Keith Carney

Keith Carney was an honest, basic defenseman who made up for a lack of foot speed with his uncanny ability to take the shortest path to the action. The cerebral rearguard was like a world-class pool player on the ice - he knew all the angles of the game.

"Carney is so smart positionally," said San Jose analyst Drew Remenda. "He's been in the league for so long and he knows the ice. I've always thought that he was one of the most underrated guys in the league because he knows the ice well, knows the angles well, and is a physical player."

This came as no surprise to his teammates, especially the goalies who he helped out all night long.

"What he is able to do out there, most people would never notice," said Jean Sebastien Giguere, his teammate in Anaheim. "He’s always calm and patient with the puck. He never seems to get rattled."

Steady and consistent play were hallmarks of Carney’s career even before he became an NHL pro. For three seasons, the blueliner from Providence, Rhode Island was a major contributor at the University of Maine, logging significant ice time in each of his years with the Black Bears.

Dependable and durable, the strong jawed Carney caught the eye of scouts as the young kid with veteran poise that would be a sought after addition on any NHL club. The Buffalo Sabres got a steal when they picked him 76th overall back in 1988.

So why was Carney passed over until pick No. 76? For the same reasons he was overlooked much of his career.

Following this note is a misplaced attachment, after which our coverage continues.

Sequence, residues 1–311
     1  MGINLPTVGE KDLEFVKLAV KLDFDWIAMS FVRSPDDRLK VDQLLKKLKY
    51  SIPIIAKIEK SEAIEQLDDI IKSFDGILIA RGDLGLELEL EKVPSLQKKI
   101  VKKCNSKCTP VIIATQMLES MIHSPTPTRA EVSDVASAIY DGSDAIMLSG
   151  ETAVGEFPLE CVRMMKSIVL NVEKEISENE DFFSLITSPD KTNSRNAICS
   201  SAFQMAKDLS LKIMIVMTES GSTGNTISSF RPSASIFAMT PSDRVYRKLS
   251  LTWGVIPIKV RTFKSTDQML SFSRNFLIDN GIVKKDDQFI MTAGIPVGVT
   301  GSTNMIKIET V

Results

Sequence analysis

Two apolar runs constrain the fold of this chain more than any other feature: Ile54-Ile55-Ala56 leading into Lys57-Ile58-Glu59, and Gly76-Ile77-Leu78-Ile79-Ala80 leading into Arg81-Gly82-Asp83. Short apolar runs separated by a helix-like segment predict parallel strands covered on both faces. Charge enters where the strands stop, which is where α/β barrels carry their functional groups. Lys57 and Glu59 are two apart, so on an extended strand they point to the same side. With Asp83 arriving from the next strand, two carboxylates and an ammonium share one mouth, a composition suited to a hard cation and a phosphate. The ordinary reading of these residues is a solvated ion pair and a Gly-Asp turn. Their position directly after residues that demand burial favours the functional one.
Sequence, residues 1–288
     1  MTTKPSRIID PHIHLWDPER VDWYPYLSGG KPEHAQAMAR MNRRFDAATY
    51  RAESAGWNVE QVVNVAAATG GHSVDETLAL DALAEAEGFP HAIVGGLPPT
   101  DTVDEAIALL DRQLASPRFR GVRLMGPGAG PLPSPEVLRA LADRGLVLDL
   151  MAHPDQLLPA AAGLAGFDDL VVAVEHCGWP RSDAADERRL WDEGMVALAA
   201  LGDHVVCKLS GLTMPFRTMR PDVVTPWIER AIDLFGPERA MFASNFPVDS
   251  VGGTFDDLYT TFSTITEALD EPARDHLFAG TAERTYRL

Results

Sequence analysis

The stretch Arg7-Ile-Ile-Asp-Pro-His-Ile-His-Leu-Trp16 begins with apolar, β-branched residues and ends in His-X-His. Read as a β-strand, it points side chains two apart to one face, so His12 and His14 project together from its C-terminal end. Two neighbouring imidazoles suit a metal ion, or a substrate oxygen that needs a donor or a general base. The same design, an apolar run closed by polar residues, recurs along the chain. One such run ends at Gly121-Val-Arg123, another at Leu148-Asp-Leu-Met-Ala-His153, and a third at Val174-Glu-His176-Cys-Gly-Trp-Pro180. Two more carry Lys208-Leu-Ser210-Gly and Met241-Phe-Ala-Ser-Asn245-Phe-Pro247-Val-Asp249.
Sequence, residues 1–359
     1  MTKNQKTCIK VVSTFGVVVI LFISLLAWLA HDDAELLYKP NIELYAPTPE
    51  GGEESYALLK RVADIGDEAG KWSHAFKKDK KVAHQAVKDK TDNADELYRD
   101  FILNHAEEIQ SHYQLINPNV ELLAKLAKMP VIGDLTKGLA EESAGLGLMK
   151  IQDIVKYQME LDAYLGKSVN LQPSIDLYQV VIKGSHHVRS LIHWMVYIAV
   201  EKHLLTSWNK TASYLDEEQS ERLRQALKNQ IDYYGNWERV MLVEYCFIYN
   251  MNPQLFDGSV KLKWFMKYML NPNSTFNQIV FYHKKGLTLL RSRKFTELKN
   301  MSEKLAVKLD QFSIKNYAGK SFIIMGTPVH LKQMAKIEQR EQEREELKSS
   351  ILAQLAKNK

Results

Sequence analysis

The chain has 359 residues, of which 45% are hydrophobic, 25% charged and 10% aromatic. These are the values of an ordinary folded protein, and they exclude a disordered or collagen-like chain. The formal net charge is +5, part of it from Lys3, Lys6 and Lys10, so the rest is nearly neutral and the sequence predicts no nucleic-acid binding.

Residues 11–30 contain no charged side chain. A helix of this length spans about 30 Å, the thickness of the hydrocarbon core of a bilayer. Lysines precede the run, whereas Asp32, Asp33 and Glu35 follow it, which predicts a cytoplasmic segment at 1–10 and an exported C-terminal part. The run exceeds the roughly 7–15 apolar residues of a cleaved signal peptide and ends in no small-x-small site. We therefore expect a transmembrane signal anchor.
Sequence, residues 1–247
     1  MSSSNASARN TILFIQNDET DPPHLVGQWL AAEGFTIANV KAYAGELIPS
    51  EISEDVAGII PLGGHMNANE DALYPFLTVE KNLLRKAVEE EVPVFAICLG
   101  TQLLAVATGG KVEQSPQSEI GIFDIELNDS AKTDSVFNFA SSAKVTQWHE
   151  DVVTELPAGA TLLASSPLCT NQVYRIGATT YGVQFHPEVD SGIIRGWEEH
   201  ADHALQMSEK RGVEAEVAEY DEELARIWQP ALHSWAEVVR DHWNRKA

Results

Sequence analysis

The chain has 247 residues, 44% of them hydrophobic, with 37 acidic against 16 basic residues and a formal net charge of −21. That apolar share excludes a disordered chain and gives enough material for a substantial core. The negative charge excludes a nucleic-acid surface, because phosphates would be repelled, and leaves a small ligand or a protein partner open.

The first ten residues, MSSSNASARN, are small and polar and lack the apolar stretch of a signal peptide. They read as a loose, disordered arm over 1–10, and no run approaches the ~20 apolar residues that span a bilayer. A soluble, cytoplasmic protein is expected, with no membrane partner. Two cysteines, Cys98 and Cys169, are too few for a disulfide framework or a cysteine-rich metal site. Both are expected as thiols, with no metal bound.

Carney had no flash to his game at all. He was hard working "hockey player's hockey player" who was almost as unassuming on the ice as he was off of it. His skating limited his offensive game, and, despite good size at 6'1" and 220lbs, he was never a punishing bodychecker.

What he was a dependable and composed defenseman who rarely made a mistake in his own zone. He could be counted on heavily while defending a lead in the third period or in key situations like a penalty kill. Coaches love players like Carney because they know exactly what they will get from him and can trust him to get the job done.

Carney never really had a chance to play in Buffalo but he became a NHL regular in 1994 when he joined the Chicago Blackhawks. Over the next 5 years he established his reputation as a journeyman defender, often pairing along side Chris Chelios.

He would move on to play in Phoenix and Anaheim, where he may have gained his greatest fame for his strong play in the 2003 Stanley Cup playoffs. He made brief appearances in Vancouver, Minnesota and Bern, Switzerland before retiring in 2009.

Keith Carney played in 1018 NHL games, scoring 45 career goals, 183 assists and 228 points.


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